JERUSALEM, Thursday, 13 October 2016 | In spite of bombs and warring words, the open powder keg in Syria has not yet exploded into a regional or world war. But the threat that it might do so has not diminished; if anything, it has increased. Unfortunately, an almost equal threat is developing to Israel's southeast. Recently armed with missiles from Iran, Yemen's Houthis rebels are making a move to close a shipping artery from the East to the West, choking traffic to and from the Suez Canal. The endeavor is under the direct control of Iran. Under its command, Yemen's Houthis rebels have fired four times at US vessels in the last four days. Today, Thursday 13 October, the US fired back.
Two days ago, on the eve of Yom Kippur, Israel's Day of Repentance, news outlets here noted that Yemeni Houthi rebels had recently taken delivery of its largest-ever shipment of arms from Iran.
According to the Israeli intelligence news service, DEBKAfile, "the shipment included highly sophisticated Scud D surface-to-surface missiles with a range of 800km; and C-802 anti-ship missiles." Iran has given them name, Saccade. The name refers to the ability of human eyes to quickly dart from one direction to another and almost instantly re-focus.
The Saccades were accompanied by Iranian Revolutionary Guards officers and sophisticated radar systems. They were delivered to the Yemen Houthis’ Ansar Allah faction, which is under direct Iranian Rev Guards command.
It is where they were posted that has provoked the greatest concern. In fact, they were delivered to special launch bases that have been constructed by Iran outside Yemen’s two principal Red Sea ports of Mokha and Hudaydah.
A glimpse at the map reveals the threat to global commerce. All shipments to and from the Arabian Sea must go through a narrow gap between Yemen and the continent of Africa. That gap, at the eastbound opening to the Red Sea, is only 62 kilometers (38.5 miles) wide. It is even narrower from tiny Perim Island at the same opening. The distance from Perim to the African coast is a mere 20 kilometer (12.4 miles).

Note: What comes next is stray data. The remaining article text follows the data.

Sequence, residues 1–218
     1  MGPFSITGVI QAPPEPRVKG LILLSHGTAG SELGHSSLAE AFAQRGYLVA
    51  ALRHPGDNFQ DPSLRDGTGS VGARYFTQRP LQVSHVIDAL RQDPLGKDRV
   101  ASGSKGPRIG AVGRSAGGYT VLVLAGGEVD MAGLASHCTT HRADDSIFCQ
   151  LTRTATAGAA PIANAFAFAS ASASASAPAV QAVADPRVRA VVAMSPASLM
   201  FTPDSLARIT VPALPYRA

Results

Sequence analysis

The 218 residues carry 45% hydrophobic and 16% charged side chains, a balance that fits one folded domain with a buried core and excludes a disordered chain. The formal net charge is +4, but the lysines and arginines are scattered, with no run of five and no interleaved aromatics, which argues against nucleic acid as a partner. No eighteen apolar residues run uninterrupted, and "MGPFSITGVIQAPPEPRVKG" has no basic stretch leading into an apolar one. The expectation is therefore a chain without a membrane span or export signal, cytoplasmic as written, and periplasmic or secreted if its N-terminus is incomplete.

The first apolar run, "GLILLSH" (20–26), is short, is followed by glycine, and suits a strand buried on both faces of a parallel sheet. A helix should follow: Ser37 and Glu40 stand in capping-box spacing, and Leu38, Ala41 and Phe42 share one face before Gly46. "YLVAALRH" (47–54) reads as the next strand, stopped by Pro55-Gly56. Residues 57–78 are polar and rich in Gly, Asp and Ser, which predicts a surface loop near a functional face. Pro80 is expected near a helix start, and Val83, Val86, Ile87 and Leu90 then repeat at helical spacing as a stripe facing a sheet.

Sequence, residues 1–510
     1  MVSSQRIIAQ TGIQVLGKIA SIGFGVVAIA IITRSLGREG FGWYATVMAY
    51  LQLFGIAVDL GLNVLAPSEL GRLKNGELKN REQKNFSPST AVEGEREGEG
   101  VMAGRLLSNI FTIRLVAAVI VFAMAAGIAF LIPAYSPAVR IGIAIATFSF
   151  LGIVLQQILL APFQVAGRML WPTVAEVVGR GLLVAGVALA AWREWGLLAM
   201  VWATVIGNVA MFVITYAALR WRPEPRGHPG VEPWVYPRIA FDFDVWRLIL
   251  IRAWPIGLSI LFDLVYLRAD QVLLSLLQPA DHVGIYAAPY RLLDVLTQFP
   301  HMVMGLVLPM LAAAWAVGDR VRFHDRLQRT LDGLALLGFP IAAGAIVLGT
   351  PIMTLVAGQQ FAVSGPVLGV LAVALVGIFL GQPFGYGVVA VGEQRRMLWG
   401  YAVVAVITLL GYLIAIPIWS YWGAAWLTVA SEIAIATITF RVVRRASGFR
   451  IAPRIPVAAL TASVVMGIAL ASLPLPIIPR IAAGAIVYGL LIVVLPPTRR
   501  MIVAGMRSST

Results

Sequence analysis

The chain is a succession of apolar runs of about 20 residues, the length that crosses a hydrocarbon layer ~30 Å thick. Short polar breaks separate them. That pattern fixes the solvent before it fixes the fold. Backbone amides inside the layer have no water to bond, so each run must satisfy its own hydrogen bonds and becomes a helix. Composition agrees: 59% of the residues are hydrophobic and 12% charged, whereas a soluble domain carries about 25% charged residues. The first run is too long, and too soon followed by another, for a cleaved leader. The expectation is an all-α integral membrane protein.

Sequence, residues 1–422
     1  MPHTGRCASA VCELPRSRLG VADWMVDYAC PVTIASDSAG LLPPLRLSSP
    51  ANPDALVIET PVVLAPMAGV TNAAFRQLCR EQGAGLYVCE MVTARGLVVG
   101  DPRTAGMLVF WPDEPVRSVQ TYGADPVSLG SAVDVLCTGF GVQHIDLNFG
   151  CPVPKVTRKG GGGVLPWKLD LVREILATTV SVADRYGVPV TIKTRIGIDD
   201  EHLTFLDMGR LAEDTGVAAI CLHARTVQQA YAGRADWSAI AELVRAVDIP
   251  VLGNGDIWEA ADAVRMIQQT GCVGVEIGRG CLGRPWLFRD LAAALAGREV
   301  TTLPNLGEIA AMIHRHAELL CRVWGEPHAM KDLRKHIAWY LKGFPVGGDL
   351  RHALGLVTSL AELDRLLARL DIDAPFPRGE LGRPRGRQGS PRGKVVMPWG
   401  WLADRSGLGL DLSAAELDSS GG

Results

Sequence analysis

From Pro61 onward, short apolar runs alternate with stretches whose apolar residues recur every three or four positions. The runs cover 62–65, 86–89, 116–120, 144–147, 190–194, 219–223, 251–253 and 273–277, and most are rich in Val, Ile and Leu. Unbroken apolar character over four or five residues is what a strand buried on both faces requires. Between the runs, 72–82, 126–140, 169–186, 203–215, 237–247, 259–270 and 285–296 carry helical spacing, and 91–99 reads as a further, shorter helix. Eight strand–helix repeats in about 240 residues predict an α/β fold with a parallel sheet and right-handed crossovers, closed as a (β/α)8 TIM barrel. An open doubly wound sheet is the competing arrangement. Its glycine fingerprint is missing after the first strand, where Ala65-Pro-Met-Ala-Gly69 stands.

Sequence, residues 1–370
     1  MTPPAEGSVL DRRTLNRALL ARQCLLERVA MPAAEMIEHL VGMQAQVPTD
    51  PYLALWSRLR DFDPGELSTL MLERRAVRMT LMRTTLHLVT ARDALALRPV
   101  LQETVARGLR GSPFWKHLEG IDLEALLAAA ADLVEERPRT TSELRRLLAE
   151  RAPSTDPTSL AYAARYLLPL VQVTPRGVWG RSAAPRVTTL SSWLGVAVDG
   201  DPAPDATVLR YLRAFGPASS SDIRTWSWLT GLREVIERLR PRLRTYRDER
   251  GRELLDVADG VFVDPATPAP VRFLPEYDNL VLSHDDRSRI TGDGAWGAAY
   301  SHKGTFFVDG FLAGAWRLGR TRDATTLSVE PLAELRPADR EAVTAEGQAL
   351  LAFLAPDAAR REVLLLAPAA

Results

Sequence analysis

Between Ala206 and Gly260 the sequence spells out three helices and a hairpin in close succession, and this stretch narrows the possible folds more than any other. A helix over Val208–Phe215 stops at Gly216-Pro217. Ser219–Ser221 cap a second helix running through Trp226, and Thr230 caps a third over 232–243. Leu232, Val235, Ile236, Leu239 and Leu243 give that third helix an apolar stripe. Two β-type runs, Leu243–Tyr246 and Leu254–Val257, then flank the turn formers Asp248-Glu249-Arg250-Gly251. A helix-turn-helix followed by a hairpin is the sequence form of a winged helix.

Reports indicate that Tehran Yemeni proxies have taken control of Perim Island.
If Iran, via Yemen's Houthis, imposes a blockade, it would halt one-third of oil exports from Saudi Arabia and the Gulf Emirates.
DEBKA notes it would also halt Israel's commercial and military shipping to and from its port in Eilat. Eilat, a favorite vacation destination for Israelis, lies at the tip of the country's southern point. Poised on the northern tip of the Gulf of Aqaba, it is also Israel's naval doorway to the East, facilitating trade and possibly serving asa secret port for at least one of its nuclear submarines.
After suffering a salvo of four anti-ship missiles fires by Yemenis at a US flotilla, early today the US fired back. DEBKAfile reports that the US Navy Destroyer, USS Nitze, fired Tomahawk cruise missiles at three Iranian-Yemini coastal radar stations. All three stations were destroyed. More than just retaliation, the strike crippled Iran's immediate ability to impose a blockade on the narrow shipping lane.
Meanwhile, Israeli media noted this morning that Russia has renewed its bombing campaigns in Syria in spite of threats by European leaders to file charges of war crimes against Moscow. It is also proceeding in the face of severe criticism by the United States which has also called for a war-crimes investigation against Russia. While words fly, Western armaments are also on the move toward Syria; and, incidentally, very close to Israel.
For its part, to the north and south and within, in Gaza, Israel's biggest concern is Iran. In spite of its alliance with Russia across its northern border, Jerusalem is resolute. Echoing what many others have said, Yoav Gallant, a former head of 13 naval commandos, said Tuesday, "We won't allow Iran to control Syria."
It is virtually certain, Israel will no more allow Iran to control Gaza or the narrow international shipping lanes off the southern coast of Yemin.